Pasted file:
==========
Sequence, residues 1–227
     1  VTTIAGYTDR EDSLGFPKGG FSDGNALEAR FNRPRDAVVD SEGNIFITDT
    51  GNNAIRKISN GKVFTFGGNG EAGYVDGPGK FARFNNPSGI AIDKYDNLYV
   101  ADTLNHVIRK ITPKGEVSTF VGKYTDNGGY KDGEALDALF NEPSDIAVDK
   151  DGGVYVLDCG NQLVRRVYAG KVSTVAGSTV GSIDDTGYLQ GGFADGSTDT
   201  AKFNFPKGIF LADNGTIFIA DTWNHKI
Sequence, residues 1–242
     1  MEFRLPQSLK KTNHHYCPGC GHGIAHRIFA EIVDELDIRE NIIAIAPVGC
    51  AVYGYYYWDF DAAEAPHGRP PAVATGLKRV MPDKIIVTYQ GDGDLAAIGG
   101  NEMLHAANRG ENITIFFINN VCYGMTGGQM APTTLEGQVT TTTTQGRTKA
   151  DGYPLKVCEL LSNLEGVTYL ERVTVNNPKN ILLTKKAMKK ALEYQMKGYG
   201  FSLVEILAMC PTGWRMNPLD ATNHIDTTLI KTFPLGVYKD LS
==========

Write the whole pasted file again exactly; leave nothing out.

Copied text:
Sequence, residues 1–227
     1  VTTIAGYTDR EDSLGFPKGG FSDGNALEAR FNRPRDAVVD SEGNIFITDT
    51  GNNAIRKISN GKVFTFGGNG EAGYVDGPGK FARFNNPSGI AIDKYDNLYV
   101  ADTLNHVIRK ITPKGEVSTF VGKYTDNGGY KDGEALDALF NEPSDIAVDK
   151  DGGVYVLDCG NQLVRRVYAG KVSTVAGSTV GSIDDTGYLQ GGFADGSTDT
   201  AKFNFPKGIF LADNGTIFIA DTWNHKI
Sequence, residues 1–242
     1  MEFRLPQSLK KTNHHYCPGC GHGIAHRIFA EIVDELDIRE NIIAIAPVGC
    51  AVYGYYYWDF DAAEAPHGRP PAVATGLKRV MPDKIIVTYQ GDGDLAAIGG
   101  NEMLHAANRG ENITIFFINN VCYGMTGGQM APTTLEGQVT TTTTQGRTKA
   151  DGYPLKVCEL LSNLEGVTYL ERVTVNNPKN ILLTKKAMKK ALEYQMKGYG
   201  FSLVEILAMC PTGWRMNPLD ATNHIDTTLI KTFPLGVYKD LS